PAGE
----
Life and Work

So first of all, I just want to say thanks for stopping by. There's a very good chance if you are bothering to read this page that I talked with you at a public exhibition. I have sold thousands of pieces and prints over the years and talked with many of you over the course of hundreds and hundreds of hours. I consider many of you my friends at this point. Almost everyone that has purchased an original I talked with for an hour or so, and that has turned out to be a really nice part of my life. Thank you for letting me into your life, and your homes.

I really try to match something you have never seen before, with the size, price, and an artistic quality above the other similar available options. That of course requires the conversation that usually takes place, and why I'm always one of the artists out front talking with customers most of the time. Taking your projects and talking over what I have at an exhibition has really helped my work grow into something that anyone can value five minutes or fifty years from now without me being there.

There was a point in my life where I was driving down the road and I realized I knew how almost everything I saw was created, the material, basic manufacturing process, and the industry needed to back up the workflow of labor required. My mother pointed to a sign in an elevator some years ago and I said extruded thermoset phenolic, non-structural colored polymer reinforcement, router cut face, cnc lettering and logo design, filled with non-metallic yellow mica epoxy-based paint. For a decade and a half since college I have looked up so many different paint pigments, additives, binders, and their respective disciplines to make sure nothing was going to degrade the paint film that I learned how everything else was made. I think it is this use of nontraditionally art based materials that have helped my work develop down a unique path and helped me to win some of the prizes or get my work into the places that I have. The painting process itself requires you to really be able to observe the most minute visual changes in your subject in order to translate it onto a flat surface. That in turn requires you to understand how the optic nerve and visual cortex works, and of course practice being receptive. I can just see one of the old polymaths learning to paint and then inevitably going through this same journey.

These days I do mostly semi-abstracted landscapes, cityscapes, and still life if it tells a fun story. I completed a painting recently of all of the ingredients of lemonade without the completed lemonade itself. The story behind it was I tried to imagine what was an iconic thing that represented a happy home. The two things that stuck out were chocolate chip cookies and milk, or lemonade. Cookies didn't have the makings of the painting I wanted, and a lemonade stand is really about the cute kids not the lemonade itself. So I used a slightly reflective additive, strong darks, and limited color palette to really show off the idea of the stuff we use to make a happy home. A painting is after all stuff we use to make our homes happy inviting places. I chose a very fine art style for that piece so it could sell on its artistic merits alone in case the idea didn't connect as well as it did for me, but this is an example of my process so you can sort of glimpse into what I'm thinking from a creative standpoint. I do a lot of these river scenes where the water is all rendered out realistically and the sky, bank, and sides are made of this layering process of ceramic materials and acrylic that sparkle like diamonds. A unique process that really cannot be seen by camera because it captures each individual piece of material and winds up just looking like dots instead of the misty dreamscape of blurred edges I intended.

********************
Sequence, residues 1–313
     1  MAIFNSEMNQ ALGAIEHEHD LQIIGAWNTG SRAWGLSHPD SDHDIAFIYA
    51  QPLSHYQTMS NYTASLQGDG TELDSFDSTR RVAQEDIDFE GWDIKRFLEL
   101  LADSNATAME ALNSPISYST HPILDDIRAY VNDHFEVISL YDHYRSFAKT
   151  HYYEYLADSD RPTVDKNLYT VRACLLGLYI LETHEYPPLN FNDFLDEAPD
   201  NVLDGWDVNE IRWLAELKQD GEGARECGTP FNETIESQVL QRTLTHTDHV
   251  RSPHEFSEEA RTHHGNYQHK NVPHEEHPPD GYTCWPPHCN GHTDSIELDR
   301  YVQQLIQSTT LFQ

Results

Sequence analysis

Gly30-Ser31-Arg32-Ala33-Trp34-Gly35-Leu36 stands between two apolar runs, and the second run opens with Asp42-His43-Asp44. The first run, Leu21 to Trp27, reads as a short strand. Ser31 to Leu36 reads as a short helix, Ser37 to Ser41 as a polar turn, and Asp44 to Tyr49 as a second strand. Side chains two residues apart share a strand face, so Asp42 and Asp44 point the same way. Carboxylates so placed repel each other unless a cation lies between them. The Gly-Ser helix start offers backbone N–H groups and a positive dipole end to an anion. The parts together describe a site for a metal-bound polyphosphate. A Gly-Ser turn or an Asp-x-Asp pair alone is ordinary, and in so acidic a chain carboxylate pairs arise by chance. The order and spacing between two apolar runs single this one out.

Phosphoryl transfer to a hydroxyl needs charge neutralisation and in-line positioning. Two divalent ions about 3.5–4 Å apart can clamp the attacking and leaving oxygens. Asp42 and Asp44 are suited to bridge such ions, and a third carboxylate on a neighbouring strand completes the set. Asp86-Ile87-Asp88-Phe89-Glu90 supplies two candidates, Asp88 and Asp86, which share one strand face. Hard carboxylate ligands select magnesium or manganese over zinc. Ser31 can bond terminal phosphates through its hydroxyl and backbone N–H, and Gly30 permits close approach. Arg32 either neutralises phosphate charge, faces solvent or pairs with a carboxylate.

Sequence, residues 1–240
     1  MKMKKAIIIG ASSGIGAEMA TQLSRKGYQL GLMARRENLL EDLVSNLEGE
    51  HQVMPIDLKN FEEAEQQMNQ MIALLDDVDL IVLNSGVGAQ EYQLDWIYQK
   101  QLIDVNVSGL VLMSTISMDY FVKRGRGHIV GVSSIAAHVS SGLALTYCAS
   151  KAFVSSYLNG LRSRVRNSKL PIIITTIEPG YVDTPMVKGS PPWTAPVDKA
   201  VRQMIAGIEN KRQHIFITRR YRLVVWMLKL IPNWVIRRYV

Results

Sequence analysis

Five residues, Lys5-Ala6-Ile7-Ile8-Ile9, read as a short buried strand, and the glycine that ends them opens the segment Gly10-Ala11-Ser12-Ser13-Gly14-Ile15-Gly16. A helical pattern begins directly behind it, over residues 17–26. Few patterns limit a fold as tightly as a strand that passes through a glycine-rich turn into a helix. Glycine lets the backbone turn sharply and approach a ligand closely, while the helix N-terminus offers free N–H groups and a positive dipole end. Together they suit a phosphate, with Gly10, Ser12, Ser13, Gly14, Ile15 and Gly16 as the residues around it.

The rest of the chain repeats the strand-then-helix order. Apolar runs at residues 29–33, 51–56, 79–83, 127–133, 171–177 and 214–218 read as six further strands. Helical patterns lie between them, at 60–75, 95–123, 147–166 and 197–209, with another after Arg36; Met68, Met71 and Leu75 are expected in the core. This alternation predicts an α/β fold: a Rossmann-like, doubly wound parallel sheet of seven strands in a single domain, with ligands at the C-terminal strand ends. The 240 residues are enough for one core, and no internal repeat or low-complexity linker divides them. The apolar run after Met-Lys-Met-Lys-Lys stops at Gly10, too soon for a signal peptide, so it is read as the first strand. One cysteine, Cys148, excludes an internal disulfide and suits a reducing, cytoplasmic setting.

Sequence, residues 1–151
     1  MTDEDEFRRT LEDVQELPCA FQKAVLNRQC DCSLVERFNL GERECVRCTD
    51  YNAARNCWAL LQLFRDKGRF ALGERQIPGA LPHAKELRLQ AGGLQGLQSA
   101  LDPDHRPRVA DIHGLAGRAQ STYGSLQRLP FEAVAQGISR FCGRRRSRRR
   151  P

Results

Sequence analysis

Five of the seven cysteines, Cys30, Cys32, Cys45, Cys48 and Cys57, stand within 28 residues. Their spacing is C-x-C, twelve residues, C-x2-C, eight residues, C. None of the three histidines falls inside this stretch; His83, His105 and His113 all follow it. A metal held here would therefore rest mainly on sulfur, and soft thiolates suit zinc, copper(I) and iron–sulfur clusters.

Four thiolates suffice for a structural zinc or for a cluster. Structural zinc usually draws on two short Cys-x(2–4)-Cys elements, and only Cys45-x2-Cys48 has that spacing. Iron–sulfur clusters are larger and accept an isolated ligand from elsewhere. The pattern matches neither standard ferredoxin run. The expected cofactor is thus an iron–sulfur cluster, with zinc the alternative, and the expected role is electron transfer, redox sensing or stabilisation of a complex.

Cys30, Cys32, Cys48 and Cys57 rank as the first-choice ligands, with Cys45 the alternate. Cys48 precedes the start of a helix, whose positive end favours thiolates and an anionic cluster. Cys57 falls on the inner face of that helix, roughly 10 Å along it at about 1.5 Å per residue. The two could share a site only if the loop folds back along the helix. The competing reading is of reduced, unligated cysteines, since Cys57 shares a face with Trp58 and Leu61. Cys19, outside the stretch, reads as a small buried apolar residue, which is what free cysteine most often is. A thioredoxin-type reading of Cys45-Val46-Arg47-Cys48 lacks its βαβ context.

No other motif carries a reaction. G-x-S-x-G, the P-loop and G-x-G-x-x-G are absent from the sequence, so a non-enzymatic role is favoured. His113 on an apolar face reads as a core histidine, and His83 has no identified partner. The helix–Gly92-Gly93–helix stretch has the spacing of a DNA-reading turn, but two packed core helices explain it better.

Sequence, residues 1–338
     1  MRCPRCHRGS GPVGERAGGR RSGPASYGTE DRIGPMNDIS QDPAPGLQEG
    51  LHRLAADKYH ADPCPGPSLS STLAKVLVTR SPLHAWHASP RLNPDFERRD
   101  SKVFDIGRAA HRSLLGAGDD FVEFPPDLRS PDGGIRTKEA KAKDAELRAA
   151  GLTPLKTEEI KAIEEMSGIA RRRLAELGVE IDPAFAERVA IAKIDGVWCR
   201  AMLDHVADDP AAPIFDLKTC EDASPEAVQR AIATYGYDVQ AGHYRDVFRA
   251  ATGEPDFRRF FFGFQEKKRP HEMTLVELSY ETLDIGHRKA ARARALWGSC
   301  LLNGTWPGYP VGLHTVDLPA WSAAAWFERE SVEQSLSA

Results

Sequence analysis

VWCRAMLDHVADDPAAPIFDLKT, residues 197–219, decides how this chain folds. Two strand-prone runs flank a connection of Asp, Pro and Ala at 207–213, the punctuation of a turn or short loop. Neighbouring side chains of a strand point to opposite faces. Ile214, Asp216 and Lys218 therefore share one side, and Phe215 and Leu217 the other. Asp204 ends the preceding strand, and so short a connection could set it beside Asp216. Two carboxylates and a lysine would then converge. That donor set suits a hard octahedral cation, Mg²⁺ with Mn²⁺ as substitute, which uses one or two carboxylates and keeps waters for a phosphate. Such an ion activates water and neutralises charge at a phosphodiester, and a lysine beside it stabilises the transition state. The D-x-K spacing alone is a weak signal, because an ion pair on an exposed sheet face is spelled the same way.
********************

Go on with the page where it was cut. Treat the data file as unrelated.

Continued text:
I have created so many unique pieces using my knowledge of disciplines outside art that don't photograph well like taking a picture through glass. Along with the fact that more then 80% of my work is not just original, but one of a kind I cannot reproduce, I do little with puting my work online. Instead I focus on trying to bring something to the show that will be worth your time. Something more then just a painting of a field with trees, or a vase of flowers, even beautifully rendered these things are simple to create for a professional painter. I used to sit down for 6 to 8 hours and see if I could create a small-scale version of Girl with a Pearl Earring, Mona Lisa, etc, and it is really not that difficult if you just want to capture the essence and not the details. I realized that I wanted my work to be more then just traditional correctly rendered subjects, and my journey began.

I think it is obvious to most I really do enjoy talking with people passionate about art. I mean passion enough to actually buy an original piece and put it up in their home is passionate. I hope I can get the chance to meet you, and in turn enjoy the amazing art community we have in this country. I try to get to every person I can and chat about this adventure of exhibitions I have made my lifes work.

Travel Safe, Live Well, and Thank You

Justin Sato